"support more Aboriginal young people to get jobs that are fulfilling and sustainable"; "grow local Aboriginal leaders' and communities' capacity to drive their own solutions" and "focus on creating opportunities for economic empowerment".
The Committee notes that Aboriginal Affairs is currently developing an Aboriginal Economic Development Framework3 as part of the OCHRE Plan.
While the terms of reference of the Inquiry are broad, the Committee has limited its submissions to:
(1) consideration of impacts on Aboriginal community in legislative amendments and policy development; and
(2) observations on the Aboriginal Land Rights Act 1983 (NSW) ("ALRA") (3) observations on the Native Title Act 1993 (Cth) ("NTA") (4) consideration of access to professional services in order to support the establishment of
sustainable Aboriginal-owned enterprises.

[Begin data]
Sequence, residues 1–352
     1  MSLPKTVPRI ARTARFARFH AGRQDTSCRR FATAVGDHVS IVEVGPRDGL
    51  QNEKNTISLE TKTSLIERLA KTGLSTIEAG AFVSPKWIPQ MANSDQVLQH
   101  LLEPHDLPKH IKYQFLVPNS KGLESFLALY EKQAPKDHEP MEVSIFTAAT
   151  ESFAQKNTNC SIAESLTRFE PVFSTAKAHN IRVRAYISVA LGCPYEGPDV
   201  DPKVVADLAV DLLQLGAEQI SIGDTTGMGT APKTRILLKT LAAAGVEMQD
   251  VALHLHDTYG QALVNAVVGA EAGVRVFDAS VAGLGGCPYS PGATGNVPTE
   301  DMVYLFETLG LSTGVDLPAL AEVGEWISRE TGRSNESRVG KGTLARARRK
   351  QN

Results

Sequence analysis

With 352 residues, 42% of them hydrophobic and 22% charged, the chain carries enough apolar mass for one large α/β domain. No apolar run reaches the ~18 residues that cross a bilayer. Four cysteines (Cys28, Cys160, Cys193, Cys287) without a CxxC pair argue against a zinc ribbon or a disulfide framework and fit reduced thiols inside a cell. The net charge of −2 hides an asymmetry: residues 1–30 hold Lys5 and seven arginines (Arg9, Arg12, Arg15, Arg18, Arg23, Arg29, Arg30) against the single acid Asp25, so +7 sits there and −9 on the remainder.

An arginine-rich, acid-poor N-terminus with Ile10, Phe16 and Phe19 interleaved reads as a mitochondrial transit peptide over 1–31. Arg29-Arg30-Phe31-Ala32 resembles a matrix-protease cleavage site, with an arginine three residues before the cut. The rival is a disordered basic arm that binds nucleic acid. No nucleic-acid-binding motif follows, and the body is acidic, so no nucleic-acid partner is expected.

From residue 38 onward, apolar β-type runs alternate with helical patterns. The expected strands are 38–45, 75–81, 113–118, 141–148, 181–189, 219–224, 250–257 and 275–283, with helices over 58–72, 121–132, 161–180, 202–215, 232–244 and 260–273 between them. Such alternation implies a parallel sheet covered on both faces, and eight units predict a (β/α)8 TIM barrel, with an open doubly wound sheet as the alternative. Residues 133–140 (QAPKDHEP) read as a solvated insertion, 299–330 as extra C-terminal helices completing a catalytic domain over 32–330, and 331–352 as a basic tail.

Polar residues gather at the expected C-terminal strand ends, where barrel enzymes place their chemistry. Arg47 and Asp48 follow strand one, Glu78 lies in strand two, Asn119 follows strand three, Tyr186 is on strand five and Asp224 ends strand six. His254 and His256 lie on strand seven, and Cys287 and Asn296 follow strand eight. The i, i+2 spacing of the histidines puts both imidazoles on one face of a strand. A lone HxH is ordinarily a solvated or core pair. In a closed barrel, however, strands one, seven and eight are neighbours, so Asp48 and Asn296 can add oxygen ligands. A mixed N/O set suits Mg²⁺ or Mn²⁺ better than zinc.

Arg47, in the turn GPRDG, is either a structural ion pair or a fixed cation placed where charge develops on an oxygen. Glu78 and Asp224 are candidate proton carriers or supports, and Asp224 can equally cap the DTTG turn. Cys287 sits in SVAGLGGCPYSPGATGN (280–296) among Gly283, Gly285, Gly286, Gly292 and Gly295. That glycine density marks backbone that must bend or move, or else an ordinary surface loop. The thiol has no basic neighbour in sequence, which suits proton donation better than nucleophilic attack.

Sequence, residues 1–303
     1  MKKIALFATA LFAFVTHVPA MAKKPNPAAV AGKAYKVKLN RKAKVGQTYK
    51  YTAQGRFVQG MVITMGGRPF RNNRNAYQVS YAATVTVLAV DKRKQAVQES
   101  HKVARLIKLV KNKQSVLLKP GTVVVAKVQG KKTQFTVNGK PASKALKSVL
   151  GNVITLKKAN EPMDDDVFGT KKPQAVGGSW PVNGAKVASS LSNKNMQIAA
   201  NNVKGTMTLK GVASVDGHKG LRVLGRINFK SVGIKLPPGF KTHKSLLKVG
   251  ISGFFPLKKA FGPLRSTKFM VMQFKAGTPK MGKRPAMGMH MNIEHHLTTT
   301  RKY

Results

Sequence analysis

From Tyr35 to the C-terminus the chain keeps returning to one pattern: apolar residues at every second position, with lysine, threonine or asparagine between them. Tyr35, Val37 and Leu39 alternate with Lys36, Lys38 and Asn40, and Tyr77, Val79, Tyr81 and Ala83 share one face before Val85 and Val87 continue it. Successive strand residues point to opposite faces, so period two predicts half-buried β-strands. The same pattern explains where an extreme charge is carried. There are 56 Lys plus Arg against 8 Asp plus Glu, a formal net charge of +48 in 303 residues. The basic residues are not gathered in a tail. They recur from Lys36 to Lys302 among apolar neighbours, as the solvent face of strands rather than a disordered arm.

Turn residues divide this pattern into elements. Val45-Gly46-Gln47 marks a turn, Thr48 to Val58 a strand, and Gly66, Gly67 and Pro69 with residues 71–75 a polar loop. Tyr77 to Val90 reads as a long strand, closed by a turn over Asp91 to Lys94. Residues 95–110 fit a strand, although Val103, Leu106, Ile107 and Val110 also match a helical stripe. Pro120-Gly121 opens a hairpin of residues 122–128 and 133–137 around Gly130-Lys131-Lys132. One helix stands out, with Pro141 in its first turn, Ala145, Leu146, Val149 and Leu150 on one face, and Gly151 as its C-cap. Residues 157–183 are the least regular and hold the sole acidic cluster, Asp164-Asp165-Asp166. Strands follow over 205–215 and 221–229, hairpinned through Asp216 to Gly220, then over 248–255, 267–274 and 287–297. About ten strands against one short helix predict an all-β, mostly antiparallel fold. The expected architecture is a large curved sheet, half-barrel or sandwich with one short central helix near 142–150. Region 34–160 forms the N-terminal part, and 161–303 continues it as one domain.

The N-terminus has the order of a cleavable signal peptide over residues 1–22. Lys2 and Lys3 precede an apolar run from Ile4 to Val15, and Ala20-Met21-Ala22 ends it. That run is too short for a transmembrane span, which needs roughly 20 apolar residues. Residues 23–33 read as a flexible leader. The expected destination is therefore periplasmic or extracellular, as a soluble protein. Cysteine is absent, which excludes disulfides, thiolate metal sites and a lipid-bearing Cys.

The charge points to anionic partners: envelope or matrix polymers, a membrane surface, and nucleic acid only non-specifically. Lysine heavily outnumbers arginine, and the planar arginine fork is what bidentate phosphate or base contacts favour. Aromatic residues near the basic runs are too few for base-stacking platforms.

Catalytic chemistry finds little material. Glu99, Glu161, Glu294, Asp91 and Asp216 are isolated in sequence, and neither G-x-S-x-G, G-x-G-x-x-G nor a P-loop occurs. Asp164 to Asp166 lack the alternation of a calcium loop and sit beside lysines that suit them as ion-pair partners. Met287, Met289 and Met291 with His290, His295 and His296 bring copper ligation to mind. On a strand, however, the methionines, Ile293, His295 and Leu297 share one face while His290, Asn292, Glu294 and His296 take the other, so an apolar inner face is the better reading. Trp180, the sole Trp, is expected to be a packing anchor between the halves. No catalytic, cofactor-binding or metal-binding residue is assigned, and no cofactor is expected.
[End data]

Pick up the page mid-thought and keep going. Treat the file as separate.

1. Consideration of impacts on Aboriginal community in legislative amendments and policy development
The Committee considers that economic development of Aboriginal communities could be facilitated routinely integrating into the formulation of Government policy. For example, neither the recent Comprehensive Review of Crown Lands Management' nor the Planning Reform White Paper5 had any consideration of the potential impact of proposals on
, Overarching Bilateral Indigenous Plan between the Commonwealth of Australia and the State of NSW to Close the Gap in Aboriginal and Torres Strait Islander Disadvantage 2010-2015, at 5-6, available online: < http://www.federalfinancialrelations.gov.au/contenUn pa/health in d igenou s/i nd igenou s- reform/NSWpdf> (accessed 28 September 2015) 2 Aboriginal Affairs, OCHRE plan, available online: (accessed 20 October 2015). 3 See Aboriginal Affairs website: http://www.aboriginalaffairs.nsw.gov.au/nsw-aboriginal-economic- development-framework/ (accessed 22 October 2015). 4 See the Department of Primary Industries website for access to the Crown Lands Legislation White Paper, the Crown Lands Management Review Report 2013 and the Crown Lands Management Review Summary and Government Response, available online: (accessed 22 October 2015). 'NSW Planning and Environment, A New Planning System for NSW: White Paper, April 2013, available online:
1 054205lvkue k ... 2
Aboriginal economic development, or consideration of how economic development on Aboriginal land could be facilitated.